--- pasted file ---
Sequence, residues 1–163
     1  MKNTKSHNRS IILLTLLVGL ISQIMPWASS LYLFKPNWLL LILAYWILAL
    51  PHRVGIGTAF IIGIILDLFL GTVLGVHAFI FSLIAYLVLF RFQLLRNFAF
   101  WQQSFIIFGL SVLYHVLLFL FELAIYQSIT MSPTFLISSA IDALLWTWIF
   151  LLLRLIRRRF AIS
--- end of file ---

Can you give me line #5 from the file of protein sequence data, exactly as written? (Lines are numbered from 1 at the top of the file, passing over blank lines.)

   151  LLLRLIRRRF AIS